In particular it explores the sociological development of our notional obligations and ideologies as they relate to animal protection and use, and wider global issues that impact upon our abilities to manage such notions. This module examines the principles and practice of animal nutrition for a range of animal species. It provides an understanding of feds, feed evaluation, diet formulation and feeding. The module also examines the impact of ingredient, physical, manufacturing and legal constraints on the production of diets.
This module examines the theory underpinning key conceptual models in behavioural ecology e. These models will be critically discussed in relation to empirical studies. Every undergraduate taught course has a detailed programme specification document describing the course aims, the course structure, the teaching and learning methods, the learning outcomes and the rules of assessment. The following programme specification represents the latest course structure and may be subject to change:. BSc Animal Behaviour and Welfare programme specification For candidates that do not have a second science subject at A level, please contact: admissions plymouth.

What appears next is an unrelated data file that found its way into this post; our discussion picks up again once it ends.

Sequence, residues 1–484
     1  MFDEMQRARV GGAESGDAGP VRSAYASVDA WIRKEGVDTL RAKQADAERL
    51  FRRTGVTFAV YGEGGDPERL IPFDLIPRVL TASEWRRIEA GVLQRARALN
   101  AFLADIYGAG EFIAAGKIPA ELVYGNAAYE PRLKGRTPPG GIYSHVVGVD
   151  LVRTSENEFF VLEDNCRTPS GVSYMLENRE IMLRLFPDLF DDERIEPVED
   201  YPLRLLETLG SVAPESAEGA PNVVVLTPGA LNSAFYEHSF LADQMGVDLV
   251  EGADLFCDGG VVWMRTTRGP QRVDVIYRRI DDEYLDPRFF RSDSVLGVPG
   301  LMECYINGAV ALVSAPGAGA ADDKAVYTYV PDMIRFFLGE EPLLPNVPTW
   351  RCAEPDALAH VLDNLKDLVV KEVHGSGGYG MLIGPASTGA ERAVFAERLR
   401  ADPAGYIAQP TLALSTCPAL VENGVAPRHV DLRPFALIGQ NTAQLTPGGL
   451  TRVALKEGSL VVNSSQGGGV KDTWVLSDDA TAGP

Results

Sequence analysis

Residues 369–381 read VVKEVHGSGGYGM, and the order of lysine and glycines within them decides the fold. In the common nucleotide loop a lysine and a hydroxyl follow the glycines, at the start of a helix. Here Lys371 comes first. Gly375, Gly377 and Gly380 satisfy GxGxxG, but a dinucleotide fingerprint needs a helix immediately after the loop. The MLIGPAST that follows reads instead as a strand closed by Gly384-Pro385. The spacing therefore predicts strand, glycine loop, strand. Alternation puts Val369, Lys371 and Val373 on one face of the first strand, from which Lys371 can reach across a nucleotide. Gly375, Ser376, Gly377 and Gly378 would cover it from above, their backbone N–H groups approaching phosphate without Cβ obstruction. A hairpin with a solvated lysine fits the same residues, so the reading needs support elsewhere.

Animal behavior option
International Baccalaureate 30 diploma points overall, to include 5 diploma points in Biology Higher Level plus 5 diploma points in second science at Higher Level. English and Mathematics must be included. Access To Higher Education Science-based diplomas, 33 credits in science-based units at merit including a minimum of 12 credits in biology units.
For a full list of all acceptable qualifications please refer to our tariff glossary. English language requirements. Please note that we do interview some applicants for this programme, at the Admissions Tutor's discretion. School of Biological and Marine Sciences. Upon successful completion you will gain the Certificate of Professional or Work Experience.
Professor Paul McGreevy